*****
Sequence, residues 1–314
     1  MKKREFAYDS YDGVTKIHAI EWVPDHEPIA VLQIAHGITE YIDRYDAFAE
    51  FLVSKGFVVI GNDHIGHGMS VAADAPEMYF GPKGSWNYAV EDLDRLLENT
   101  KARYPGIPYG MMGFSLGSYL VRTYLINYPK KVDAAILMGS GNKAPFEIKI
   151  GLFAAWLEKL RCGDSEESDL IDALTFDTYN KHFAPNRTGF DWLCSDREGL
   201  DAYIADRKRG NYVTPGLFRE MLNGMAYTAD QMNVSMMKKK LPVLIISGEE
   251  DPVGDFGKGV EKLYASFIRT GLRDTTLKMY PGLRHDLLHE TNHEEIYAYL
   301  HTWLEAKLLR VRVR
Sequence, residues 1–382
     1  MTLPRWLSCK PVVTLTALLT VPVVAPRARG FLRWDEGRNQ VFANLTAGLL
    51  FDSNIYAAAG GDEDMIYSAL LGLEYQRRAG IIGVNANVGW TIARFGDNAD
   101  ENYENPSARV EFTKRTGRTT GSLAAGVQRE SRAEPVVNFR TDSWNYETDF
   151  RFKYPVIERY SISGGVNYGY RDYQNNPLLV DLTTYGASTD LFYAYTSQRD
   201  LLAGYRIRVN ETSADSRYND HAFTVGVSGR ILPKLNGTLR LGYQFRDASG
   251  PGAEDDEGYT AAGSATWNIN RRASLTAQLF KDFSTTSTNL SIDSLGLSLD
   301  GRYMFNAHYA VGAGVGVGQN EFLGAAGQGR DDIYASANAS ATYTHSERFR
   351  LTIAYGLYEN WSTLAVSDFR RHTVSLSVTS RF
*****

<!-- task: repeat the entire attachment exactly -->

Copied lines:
Sequence, residues 1–314
     1  MKKREFAYDS YDGVTKIHAI EWVPDHEPIA VLQIAHGITE YIDRYDAFAE
    51  FLVSKGFVVI GNDHIGHGMS VAADAPEMYF GPKGSWNYAV EDLDRLLENT
   101  KARYPGIPYG MMGFSLGSYL VRTYLINYPK KVDAAILMGS GNKAPFEIKI
   151  GLFAAWLEKL RCGDSEESDL IDALTFDTYN KHFAPNRTGF DWLCSDREGL
   201  DAYIADRKRG NYVTPGLFRE MLNGMAYTAD QMNVSMMKKK LPVLIISGEE
   251  DPVGDFGKGV EKLYASFIRT GLRDTTLKMY PGLRHDLLHE TNHEEIYAYL
   301  HTWLEAKLLR VRVR
Sequence, residues 1–382
     1  MTLPRWLSCK PVVTLTALLT VPVVAPRARG FLRWDEGRNQ VFANLTAGLL
    51  FDSNIYAAAG GDEDMIYSAL LGLEYQRRAG IIGVNANVGW TIARFGDNAD
   101  ENYENPSARV EFTKRTGRTT GSLAAGVQRE SRAEPVVNFR TDSWNYETDF
   151  RFKYPVIERY SISGGVNYGY RDYQNNPLLV DLTTYGASTD LFYAYTSQRD
   201  LLAGYRIRVN ETSADSRYND HAFTVGVSGR ILPKLNGTLR LGYQFRDASG
   251  PGAEDDEGYT AAGSATWNIN RRASLTAQLF KDFSTTSTNL SIDSLGLSLD
   301  GRYMFNAHYA VGAGVGVGQN EFLGAAGQGR DDIYASANAS ATYTHSERFR
   351  LTIAYGLYEN WSTLAVSDFR RHTVSLSVTS RF